Kristina Kleutghen is a specialist in Chinese Art, particularly of the Qing Dynasty (1644-1911). Focusing on early modern, modern, and contemporary Chinese art, her research investigates Sino-foreign interaction, the imperial court, optical devices, and connections to science and mathematics.
Her research has been supported by the Blakemore Foundation, the Andrew W. Mellon Foundation, the National Endowment for the Humanities, and the Getty Research Institute.
Her first book, Imperial Illusions: Crossing Pictorial Boundaries in the Qing Palaces, was recently published by University of Washington Press.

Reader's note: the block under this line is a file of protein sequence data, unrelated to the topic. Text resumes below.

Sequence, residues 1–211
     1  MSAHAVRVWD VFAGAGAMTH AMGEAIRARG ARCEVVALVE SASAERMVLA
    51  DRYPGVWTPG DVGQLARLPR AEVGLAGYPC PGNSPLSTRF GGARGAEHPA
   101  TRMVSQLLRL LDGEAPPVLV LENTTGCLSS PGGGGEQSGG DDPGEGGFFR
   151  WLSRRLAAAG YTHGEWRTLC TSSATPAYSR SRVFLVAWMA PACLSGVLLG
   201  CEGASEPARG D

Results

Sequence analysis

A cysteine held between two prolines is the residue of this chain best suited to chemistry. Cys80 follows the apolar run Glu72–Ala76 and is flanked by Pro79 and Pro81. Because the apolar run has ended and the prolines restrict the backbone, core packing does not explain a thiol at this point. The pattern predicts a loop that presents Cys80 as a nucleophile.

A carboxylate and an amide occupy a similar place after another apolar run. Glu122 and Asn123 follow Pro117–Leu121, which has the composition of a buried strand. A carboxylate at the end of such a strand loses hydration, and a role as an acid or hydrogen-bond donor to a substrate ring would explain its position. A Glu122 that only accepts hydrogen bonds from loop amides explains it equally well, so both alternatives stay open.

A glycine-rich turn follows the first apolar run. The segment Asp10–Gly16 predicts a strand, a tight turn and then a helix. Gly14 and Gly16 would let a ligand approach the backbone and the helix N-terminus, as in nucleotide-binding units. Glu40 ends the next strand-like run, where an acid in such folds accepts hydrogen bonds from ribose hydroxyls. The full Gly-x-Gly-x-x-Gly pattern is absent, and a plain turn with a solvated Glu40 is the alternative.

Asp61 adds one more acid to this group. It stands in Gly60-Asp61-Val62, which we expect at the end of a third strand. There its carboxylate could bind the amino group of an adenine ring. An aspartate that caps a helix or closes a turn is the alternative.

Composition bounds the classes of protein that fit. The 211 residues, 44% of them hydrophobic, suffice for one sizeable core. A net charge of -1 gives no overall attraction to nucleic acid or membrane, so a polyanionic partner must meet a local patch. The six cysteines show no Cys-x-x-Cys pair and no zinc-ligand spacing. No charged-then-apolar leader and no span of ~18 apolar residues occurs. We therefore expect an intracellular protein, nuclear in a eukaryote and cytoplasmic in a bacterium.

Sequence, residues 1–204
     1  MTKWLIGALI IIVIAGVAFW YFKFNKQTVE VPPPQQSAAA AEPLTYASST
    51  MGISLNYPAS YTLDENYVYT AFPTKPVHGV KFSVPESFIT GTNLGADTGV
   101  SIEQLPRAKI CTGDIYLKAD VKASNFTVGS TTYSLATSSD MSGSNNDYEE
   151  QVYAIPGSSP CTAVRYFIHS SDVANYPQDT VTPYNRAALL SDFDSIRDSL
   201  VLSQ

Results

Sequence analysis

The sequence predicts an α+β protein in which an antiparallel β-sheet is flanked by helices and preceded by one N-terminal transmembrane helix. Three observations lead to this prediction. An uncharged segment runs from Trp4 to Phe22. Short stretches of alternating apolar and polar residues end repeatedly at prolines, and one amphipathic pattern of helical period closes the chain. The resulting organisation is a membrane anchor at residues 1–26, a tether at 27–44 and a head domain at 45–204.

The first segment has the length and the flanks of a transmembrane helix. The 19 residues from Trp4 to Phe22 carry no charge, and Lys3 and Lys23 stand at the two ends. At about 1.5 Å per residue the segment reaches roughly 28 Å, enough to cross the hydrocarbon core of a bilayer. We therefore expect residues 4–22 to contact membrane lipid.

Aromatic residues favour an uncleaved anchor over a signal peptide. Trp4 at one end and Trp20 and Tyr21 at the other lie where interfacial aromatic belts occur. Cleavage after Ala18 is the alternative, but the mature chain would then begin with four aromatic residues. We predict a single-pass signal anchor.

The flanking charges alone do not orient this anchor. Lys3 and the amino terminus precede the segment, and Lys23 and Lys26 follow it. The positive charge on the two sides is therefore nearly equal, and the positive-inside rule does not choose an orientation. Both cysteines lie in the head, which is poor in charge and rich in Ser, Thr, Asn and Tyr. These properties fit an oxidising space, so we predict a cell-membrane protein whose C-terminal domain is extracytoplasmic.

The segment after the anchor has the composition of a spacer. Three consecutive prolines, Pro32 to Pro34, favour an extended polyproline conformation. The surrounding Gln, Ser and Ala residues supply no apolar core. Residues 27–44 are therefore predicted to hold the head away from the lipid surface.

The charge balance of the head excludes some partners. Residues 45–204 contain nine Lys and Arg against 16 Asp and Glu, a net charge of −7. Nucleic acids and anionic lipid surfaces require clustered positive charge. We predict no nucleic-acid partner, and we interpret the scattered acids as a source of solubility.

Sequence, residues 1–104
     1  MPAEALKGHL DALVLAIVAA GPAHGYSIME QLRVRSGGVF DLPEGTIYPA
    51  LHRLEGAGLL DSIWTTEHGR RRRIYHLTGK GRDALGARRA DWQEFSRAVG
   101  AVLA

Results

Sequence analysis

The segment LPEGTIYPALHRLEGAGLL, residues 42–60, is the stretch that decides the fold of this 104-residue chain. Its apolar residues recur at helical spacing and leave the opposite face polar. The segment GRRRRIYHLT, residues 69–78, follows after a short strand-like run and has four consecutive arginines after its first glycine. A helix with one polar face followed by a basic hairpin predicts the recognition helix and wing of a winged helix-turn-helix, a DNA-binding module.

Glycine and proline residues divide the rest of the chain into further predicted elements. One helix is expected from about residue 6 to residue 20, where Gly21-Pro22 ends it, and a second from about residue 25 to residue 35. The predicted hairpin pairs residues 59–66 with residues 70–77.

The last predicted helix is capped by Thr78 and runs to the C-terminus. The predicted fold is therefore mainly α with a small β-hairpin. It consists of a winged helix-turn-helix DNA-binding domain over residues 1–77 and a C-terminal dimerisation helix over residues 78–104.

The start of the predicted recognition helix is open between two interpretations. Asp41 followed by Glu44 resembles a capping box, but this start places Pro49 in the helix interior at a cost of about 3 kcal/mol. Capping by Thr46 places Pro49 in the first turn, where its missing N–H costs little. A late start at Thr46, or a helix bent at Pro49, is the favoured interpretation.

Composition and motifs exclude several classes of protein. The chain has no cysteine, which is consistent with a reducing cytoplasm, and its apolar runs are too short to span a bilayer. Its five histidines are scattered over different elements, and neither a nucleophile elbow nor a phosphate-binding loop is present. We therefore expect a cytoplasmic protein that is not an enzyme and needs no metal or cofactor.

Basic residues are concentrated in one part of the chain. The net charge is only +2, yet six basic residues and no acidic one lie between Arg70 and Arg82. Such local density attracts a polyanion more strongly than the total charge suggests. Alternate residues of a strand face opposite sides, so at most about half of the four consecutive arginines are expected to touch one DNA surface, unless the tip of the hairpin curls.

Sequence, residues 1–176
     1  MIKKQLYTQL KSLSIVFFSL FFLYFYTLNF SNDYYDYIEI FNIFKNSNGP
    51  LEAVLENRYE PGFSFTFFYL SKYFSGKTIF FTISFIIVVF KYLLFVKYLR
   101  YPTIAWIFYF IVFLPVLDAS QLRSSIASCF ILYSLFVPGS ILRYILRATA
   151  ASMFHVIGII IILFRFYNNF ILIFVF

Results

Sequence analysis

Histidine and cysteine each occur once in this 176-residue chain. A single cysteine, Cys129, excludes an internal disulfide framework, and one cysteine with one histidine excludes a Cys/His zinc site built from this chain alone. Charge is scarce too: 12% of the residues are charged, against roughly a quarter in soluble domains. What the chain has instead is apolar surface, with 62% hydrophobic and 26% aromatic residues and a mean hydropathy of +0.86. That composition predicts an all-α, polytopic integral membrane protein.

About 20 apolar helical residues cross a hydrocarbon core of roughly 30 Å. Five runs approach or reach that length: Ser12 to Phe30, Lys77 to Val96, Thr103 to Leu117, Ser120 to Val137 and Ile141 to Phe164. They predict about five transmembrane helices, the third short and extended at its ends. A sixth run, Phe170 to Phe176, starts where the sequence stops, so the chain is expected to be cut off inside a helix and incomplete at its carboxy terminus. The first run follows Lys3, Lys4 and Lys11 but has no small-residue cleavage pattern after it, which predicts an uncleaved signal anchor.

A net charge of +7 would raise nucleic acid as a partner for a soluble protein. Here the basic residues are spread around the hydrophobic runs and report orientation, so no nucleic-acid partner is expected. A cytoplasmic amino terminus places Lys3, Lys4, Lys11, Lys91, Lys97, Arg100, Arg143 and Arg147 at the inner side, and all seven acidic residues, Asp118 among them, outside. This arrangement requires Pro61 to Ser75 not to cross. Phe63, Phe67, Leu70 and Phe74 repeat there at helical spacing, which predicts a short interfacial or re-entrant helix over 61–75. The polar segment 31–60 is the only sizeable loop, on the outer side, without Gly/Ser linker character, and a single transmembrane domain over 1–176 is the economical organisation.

Her second book, Lens onto the World: Optical Devices, Art, Science, and Society in China (under advance contract with University of Washington Press), will be the first to study the forgotten relationship between Chinese optical devices and art from the fifteenth through early-twentieth centuries. When the first Chinese treatise on optics appeared in 1847, it was inspired by the wide range of optical devices that had circulated in China for nearly three hundred years. Since these devices were considered more within the realm of art than of science, their presence resulted in a wide range of paintings, prints, and visual culture. These works reveal that the effects of optical devices on vision and visuality arose less from foreignness, as might be expected, than from local culture and social class.